A depressed sophomore contemplating suicide who checked himself into a George Washington University Hospital was sent a letter by the University's administration stating that his "endangering behavior" could result in his suspension or expulsion unless he withdrew from school, according to a March 10 article published in The Washington Post. In the meantime, Jordan Nott, the student, was barred from the campus.


Silver Spring's own bridge to nowhere

By Alex Hyder | March 13, 2006, midnight | In Op/Ed »

It rises majestically from the Forest Glen Metro stop, flying high into the air, running parallel to Georgia avenue before soaring over the Beltway on- and off-ramps, ducking under the Beltway itself and making a landing next to what, in the mind of some bureaucrat, is a spot of vital importance to pedestrians: the parking lot of some town homes.


CPR: A new tool for teachers

By Ethan Kuhnhenn | March 9, 2006, midnight | In Op/Ed »

Two weeks ago, Maryland State Senators passed "Andrew's Law," a provision named for former Blair student Andrew Helgeson, that would require every Maryland high school to have an automatic external defillibator. State legislators have taken the first step to improve an inadequate environment for student health in schools but why stop at defibrillators? MCPS should make cardiopulmonary resuscitation (CPR) and First Aid training a requisite for all teachers at all levels of education in the county.


Students need better representation

By Adam Yalowitz | March 3, 2006, midnight | In Op/Ed »

While legislators engage adults about issues they think voters care about, they can be quick to leave students out of the democratic process and overlook their concerns. Although most students do not vote, they do represent a large portion of the population - but even in an area as politically active as Montgomery County, their views are rarely heard.


In want of women

By Natasha Prados | March 3, 2006, midnight | In Op/Ed »

In a country where women have been enslaved as recently as 1996, a woman has been elected president.


Alito will shift the Supreme Court to extreme right

By Jordan Fein | March 2, 2006, midnight | In Op/Ed »

Court of Appeals Judge Samuel Alito, a staunch conservative, replaced moderate Supreme Court Associate Justice Sandra Day O'Connor on Jan. 31. In his career as a judge, Alito's radical ideology has fueled an archaic, reactionary interpretation of the Constitution that he seems to value over the common good of the American people.


Letter grades leave students in the numbers game

By Jason Meer | March 2, 2006, midnight | In Op/Ed »

A student brings home a perfect report card. It is an ideal situation: Parents and child are happy, and MCPS is patting itself on the back for successfully educating another pupil. But, this situation also illustrates one of the main tools MCPS uses to maintain its reputation for stellar academics: grade inflation through letter grading.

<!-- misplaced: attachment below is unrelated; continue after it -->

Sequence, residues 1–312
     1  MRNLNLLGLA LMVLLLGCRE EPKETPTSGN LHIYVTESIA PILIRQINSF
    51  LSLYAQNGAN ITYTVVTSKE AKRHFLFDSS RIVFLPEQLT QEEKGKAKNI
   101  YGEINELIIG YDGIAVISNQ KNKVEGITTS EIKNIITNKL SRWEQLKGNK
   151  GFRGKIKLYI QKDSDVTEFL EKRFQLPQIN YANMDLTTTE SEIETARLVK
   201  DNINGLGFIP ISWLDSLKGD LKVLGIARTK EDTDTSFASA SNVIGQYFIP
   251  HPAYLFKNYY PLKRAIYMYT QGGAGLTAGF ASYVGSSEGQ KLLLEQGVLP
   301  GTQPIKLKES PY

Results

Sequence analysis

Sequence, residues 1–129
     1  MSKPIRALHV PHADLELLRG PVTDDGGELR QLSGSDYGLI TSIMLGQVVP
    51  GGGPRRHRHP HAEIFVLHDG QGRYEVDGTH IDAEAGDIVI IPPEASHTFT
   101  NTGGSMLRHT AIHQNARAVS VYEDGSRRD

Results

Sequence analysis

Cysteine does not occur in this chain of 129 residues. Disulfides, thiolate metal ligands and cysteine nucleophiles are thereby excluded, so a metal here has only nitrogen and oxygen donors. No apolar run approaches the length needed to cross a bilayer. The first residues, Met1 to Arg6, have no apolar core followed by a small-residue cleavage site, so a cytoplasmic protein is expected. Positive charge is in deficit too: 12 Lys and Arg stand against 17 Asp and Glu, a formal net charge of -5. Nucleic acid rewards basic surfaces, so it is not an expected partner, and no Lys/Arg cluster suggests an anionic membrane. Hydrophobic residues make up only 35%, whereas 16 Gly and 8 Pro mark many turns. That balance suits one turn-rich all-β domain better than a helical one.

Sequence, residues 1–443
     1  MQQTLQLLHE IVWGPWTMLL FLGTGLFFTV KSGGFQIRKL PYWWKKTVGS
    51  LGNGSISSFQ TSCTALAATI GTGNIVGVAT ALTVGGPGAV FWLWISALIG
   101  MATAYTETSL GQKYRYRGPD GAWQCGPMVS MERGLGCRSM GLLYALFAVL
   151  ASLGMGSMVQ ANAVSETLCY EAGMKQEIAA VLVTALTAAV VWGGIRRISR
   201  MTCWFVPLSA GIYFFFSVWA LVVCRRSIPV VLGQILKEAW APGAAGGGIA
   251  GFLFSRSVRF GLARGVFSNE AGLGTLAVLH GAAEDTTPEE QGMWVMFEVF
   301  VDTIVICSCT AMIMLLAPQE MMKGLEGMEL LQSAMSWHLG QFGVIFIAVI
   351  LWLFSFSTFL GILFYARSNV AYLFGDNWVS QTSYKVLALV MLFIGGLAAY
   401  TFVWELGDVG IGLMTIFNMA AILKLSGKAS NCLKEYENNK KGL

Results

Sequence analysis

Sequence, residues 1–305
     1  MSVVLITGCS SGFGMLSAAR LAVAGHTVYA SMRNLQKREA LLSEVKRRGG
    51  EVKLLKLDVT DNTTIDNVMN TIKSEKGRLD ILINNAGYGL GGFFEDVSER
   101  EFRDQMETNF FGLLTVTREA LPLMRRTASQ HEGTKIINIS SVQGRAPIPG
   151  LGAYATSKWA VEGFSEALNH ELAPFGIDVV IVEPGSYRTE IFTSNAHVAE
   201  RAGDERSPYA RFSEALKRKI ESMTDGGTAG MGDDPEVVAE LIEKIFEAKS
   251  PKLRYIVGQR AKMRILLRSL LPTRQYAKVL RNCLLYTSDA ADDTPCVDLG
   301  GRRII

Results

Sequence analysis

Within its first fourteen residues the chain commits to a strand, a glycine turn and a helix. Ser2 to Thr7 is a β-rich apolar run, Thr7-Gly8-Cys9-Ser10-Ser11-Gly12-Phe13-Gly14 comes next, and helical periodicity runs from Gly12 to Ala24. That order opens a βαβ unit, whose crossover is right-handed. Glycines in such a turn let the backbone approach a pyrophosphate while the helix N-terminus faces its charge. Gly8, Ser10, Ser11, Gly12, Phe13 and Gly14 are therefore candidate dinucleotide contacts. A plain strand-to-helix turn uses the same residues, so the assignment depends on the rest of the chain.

Censorship: Google's newest business strategy

By Lois Bangiolo | Feb. 23, 2006, midnight | In Op/Ed »

"In line with local laws and policies, parts of the result are not listed." Written in Chinese characters, this message appears across the bottom of a web page after a search. Unfortunately Google, a company that has prided itself on its accurate, unbiased web searches, has hypocritically decided that censorship is acceptable when there is money to be made.


Straight from the books and on the right track

By Alexis Egan | Feb. 2, 2006, midnight | In Op/Ed »

Gone are the "good old days" of our parents' youth when the movies that Hollywood made were actually good, original ideas, or at least did not focus entirely on sex and violence. Although most critics believe that the increasing presence of violence and sex in films is the biggest issue in the movie-making industry, the real problem is the lack of new ideas.


Immigration policy needs an overhaul

By Natasha Prados | Jan. 11, 2006, midnight | In Op/Ed »

In an attempt to limit overcrowding, a zoning ordinance passed Dec. 29 requires Manassas, Virginia residents to live only with immediate family members. After being widely criticized as discriminatory, the ordinance was suspended, according to a Jan. 5 article in The Washington Post. That such a law was passed in the first place is evidence of an emerging pattern of growing prejudice towards immigrants, a pattern perpetuated by current immigration policy.


On APs, philosophical disagreement

By Armin Rosen | Dec. 22, 2005, midnight | In Op/Ed »

He's been writing in support of Advanced Placement (AP) tests for over two decades, formulated a controversial and nationally respected ranking system for high schools based solely on the number of AP tests administered, declared APs the catalyst of a golden age in American education and said that APs will soon overtake the SAT as the standard measure of high school learning. But Washington Post education reporter Jay Mathews is no sellout. He's a utilitarian.


Two thumbs down

By Ethan Kuhnhenn | Dec. 21, 2005, midnight | In Op/Ed »

School Superintendent Jerry Weast snuck one by the Board of Education earlier this semester by imposing a regulation that prevents teachers from showing movies rated R and PG-13 to high school and middle school students. Between this and the "sex-ed video" debacle, Montgomery County Public Schools seem to be headed down a path in the wrong direction.


Pro/Con: The state of sportsmanship

By Ethan Kuhnhenn Abe Schwadron | Dec. 20, 2005, midnight | In Op/Ed »

What ever happened to the golden days of professionalism in sports? Gone is the era when the NBA's Michael Jordan and Patrick Ewing were heroes to young athletes. In today's money-centered sporting world, kids have more bad role models than good role models to look up to.